First thing first, I am a fan of the channel. I love the chemistry between Ethan and Mark -two individuals with distinctive personalities, the witty and surreal sense of humour, the sudden and inexplicable bouts of ominousness and even the occasional thought-provoking and emotional moments.
It is my kind of things. A Monty Python-esque comedy mixed with psychological and cosmic horror, sprinkled with a bit of drama. Difficult to categorise, has unexpected moments of depth. It is genuinely one of my favourite Youtube channels ever… and it was intended to last only for a year.
Some people express regret about missing the whole thing. But, I argue they are the lucky ones; they didn’t have to dread about the channel’s death and they don’t have to grieve when it finally arrives.
They don’t have to deal with the mess that is the human emotions.
Admittedly, I am also among those who save some of the videos. But, worry not, I won’t share them to the masses.
Interestingly, the channel reminds me about those lost works. You know, lost films, lost TV shows, lost books, lost music, works that we will never immerse ourselves into because no known copies of them survive.
I naively thought the problem lied on reliance on physical copies and digitalisation was the solution. But, I was wrong.
Even before Unus Annus, I already realised there were such thing as lost Youtube videos. There are Youtubers -some of whom I personally adore-, who have their videos either privated or deleted for various reasons; some even remove almost the entirety of their catalogues.
If they were deleted because they featured individuals who were eventually exposed as unsavoury, I won’t miss them. But, if they were done for other reasons, I will miss them dearly.
But, it is disheartening how a significant chunk of Youtube is already lost to history, despite the website being less than two decades old. Regardless of the videos’ quality, an extensive Youtube archive will benefit the future generations of internet users, many of which will surely become creators themselves.
Yes, I am one of those nerds who think history can serve as precautionary tales. Radical, I know.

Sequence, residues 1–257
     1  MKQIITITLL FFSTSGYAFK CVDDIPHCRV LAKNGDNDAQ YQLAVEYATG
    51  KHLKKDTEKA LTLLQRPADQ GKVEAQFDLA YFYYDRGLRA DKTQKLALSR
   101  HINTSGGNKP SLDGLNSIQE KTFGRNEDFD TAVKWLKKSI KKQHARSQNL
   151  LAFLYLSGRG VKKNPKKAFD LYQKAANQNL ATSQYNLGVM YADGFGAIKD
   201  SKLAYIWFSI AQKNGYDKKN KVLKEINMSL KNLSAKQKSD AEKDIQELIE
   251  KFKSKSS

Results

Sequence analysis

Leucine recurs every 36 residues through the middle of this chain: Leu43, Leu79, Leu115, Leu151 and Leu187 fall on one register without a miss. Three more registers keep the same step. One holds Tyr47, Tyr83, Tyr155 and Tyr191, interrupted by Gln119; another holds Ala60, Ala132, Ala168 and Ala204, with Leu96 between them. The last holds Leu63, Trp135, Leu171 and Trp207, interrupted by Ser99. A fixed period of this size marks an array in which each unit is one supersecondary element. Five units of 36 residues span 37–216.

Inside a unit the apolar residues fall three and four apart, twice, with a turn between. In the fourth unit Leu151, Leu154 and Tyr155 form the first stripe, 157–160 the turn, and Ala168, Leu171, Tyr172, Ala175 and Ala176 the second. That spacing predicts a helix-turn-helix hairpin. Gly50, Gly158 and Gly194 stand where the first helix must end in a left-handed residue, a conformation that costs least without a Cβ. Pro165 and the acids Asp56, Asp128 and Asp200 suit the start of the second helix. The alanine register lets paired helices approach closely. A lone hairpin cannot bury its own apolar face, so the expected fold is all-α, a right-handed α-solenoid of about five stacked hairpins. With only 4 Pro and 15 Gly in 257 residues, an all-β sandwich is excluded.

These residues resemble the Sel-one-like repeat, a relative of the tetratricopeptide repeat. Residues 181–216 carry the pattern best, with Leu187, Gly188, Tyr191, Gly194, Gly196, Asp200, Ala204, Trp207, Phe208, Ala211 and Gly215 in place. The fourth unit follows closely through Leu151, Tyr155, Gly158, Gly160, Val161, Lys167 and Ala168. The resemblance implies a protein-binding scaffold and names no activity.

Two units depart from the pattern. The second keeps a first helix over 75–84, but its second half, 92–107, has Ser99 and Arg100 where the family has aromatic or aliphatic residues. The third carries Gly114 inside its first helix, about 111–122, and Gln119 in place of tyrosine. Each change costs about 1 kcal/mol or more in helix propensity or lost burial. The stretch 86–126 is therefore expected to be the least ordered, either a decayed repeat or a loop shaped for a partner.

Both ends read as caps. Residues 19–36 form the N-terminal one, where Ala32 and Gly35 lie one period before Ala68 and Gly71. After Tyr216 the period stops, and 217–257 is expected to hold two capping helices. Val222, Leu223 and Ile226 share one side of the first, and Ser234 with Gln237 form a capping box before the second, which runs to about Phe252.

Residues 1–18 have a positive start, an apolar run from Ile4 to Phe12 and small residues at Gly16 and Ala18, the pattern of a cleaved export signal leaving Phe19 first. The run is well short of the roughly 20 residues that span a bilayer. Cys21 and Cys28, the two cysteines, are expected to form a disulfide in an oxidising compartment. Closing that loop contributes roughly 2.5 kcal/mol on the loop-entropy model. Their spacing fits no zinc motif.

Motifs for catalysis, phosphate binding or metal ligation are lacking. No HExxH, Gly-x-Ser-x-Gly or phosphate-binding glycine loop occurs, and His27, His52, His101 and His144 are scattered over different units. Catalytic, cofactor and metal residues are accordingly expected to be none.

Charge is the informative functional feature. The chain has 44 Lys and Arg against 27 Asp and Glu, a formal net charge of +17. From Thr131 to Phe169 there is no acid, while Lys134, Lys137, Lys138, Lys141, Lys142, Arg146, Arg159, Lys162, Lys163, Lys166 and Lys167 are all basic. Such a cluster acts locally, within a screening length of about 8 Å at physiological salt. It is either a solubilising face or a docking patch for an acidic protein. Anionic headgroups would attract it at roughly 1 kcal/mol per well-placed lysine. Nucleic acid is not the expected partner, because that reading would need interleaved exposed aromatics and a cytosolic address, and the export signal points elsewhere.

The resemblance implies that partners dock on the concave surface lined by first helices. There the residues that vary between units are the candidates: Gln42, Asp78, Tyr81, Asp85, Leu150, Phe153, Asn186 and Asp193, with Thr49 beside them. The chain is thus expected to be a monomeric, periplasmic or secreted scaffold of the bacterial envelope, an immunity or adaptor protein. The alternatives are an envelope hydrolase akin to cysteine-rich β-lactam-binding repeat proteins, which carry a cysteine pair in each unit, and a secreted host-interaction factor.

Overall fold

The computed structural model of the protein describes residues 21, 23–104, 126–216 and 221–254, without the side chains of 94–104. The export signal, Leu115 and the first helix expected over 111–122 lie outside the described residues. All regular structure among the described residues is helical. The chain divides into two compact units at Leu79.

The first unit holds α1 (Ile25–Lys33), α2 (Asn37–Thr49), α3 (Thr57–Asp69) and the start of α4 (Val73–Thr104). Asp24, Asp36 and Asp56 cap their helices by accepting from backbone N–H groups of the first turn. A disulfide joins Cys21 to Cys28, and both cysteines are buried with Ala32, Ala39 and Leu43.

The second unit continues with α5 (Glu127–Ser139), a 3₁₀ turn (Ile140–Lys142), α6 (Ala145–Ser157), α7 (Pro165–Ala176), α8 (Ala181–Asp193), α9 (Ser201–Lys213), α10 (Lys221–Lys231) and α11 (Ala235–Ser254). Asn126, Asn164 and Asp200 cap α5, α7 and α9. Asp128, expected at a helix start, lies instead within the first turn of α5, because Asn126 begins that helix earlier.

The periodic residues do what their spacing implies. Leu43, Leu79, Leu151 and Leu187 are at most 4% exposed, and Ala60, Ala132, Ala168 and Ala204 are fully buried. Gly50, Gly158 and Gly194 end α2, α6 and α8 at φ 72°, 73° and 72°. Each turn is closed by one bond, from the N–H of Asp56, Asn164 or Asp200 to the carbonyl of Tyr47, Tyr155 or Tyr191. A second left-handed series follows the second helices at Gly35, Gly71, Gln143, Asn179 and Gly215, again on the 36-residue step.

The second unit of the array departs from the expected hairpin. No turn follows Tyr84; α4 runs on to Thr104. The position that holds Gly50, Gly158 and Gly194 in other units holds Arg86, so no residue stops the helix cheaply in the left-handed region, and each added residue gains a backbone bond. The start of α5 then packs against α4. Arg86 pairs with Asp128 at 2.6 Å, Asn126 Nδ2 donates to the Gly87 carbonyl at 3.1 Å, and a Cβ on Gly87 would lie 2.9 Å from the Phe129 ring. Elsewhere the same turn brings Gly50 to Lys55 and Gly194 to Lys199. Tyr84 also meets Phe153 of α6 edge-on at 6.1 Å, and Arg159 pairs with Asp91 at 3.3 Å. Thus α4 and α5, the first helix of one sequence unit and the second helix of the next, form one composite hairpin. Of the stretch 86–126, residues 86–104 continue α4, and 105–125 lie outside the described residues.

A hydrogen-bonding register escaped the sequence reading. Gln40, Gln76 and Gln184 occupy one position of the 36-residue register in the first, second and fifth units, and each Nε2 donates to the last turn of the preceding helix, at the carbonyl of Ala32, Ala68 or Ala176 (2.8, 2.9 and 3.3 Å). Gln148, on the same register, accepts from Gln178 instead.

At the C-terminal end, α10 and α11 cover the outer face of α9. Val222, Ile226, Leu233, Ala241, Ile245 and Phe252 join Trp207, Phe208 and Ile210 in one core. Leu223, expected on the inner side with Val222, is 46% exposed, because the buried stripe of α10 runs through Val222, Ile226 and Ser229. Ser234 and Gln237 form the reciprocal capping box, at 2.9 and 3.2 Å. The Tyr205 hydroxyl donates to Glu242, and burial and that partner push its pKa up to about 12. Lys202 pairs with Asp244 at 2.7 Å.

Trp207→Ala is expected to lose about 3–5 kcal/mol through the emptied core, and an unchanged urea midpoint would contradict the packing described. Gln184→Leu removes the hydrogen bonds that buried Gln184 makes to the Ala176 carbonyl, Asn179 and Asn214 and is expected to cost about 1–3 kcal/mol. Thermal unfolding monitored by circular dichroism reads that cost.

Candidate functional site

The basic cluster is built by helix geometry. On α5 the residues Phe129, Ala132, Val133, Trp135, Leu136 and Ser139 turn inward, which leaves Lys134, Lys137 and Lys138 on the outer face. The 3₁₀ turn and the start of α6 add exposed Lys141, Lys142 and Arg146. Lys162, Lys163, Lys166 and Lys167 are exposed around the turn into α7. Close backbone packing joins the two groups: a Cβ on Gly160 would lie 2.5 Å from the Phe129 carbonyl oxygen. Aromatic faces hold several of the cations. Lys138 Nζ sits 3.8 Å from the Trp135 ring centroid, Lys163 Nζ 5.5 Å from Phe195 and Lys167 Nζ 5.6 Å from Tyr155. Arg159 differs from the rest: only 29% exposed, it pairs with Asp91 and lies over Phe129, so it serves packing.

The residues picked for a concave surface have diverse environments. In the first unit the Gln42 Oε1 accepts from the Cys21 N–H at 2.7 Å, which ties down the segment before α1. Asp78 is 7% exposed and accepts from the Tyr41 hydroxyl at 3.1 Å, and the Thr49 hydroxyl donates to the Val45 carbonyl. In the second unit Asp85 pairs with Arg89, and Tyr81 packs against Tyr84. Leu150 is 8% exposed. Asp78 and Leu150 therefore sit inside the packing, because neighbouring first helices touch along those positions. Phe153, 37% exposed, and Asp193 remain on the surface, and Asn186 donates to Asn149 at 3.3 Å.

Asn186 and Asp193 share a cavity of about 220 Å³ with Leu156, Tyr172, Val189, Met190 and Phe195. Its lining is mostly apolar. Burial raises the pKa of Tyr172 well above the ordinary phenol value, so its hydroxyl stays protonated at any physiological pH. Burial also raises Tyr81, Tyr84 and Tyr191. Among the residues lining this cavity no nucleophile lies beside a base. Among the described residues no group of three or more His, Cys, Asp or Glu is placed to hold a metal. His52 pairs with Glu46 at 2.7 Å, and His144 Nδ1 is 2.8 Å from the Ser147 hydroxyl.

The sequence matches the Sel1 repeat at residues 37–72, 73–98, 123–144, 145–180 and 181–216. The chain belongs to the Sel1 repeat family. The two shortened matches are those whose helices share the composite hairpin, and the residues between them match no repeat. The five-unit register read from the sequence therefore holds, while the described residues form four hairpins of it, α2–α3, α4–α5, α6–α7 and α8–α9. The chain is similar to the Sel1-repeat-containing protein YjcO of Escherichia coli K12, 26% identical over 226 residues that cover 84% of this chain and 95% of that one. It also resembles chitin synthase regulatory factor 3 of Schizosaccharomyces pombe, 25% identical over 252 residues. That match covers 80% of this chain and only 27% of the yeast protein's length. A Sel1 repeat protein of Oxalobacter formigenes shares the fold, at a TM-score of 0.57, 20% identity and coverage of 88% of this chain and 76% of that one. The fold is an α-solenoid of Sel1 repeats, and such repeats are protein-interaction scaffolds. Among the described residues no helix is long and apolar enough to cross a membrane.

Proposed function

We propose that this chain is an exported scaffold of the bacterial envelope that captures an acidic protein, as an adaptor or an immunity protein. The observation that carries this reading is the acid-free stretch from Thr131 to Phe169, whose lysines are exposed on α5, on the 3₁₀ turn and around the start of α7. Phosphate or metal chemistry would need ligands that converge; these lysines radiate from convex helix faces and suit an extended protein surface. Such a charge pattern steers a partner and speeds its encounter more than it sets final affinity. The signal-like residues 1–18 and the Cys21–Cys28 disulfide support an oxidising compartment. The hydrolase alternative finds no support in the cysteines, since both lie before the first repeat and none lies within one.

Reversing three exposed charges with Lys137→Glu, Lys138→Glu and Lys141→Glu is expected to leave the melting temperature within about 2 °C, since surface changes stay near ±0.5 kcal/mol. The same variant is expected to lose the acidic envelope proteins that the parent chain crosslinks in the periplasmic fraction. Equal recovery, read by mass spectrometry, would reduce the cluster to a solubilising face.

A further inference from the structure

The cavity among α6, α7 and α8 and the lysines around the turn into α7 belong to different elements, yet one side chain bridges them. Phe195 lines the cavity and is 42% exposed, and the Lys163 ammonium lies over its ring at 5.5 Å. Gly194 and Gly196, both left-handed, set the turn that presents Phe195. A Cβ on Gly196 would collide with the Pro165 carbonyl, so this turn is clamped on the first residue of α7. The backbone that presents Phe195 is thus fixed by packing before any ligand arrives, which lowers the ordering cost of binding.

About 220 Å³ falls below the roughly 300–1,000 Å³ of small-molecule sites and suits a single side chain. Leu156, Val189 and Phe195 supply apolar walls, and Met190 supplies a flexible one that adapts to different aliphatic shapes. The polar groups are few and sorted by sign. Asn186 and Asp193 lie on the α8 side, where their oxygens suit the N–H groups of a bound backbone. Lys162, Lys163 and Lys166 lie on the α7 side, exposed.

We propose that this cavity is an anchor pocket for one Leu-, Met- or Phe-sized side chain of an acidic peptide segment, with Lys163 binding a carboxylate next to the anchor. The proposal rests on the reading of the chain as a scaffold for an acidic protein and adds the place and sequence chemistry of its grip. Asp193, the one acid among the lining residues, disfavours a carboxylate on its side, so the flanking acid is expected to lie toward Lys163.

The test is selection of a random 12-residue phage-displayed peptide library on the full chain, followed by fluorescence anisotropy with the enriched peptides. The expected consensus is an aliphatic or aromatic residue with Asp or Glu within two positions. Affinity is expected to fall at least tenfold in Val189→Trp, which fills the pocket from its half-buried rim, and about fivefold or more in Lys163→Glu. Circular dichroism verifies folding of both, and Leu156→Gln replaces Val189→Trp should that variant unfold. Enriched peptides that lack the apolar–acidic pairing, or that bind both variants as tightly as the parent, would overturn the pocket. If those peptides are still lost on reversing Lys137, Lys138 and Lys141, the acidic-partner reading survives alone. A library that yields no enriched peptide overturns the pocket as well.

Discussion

Actually, I am being a hypocrite here.
While I do think preservation is important, me downloading Unus Annus videos have nothing to do with that. If that is the case, I would have downloaded every single one; instead, I only downloaded my personal favourites.
So much for the good cause, eh?
As preservation is not a concern, I still don’t know why I spent hours downloading them. Months before the deletion, I already knew watching them as mere MP4 files would not be as enjoyable. After the deletion, my concern was proven right.
I tried watching them. But, I miss the feeling of watching videos on a platform where they were also watched by millions of fellow viewers. Even though I barely interact with any of them, even though this is not my only fandom, I still miss the sense of belonging.
It is obvious how the channel is impactful to my life. I already miss the past even though it is still less than two weeks old (as the time of writing this sentence). I am actually grieving its demise, despite knowing the date of death beforehand.
Don’t get me wrong: I will be able to enjoy the videos again. But -and it is a big but-, I have to stop watching them for many years. The longer the wait, the more I will likely to forget them. The more I forget about them, the more nostalgic it will be. The more nostalgia I have, the more positive emotions I will experience.
I am confident with my speculation because I have personally experienced something similar. The more I forgot about my childhood films, TV shows, music and books, the more enjoyable it was to re-visit them as an adult.
While I am sure the outcome is worth it, I doubt I would deliberately make the effort.
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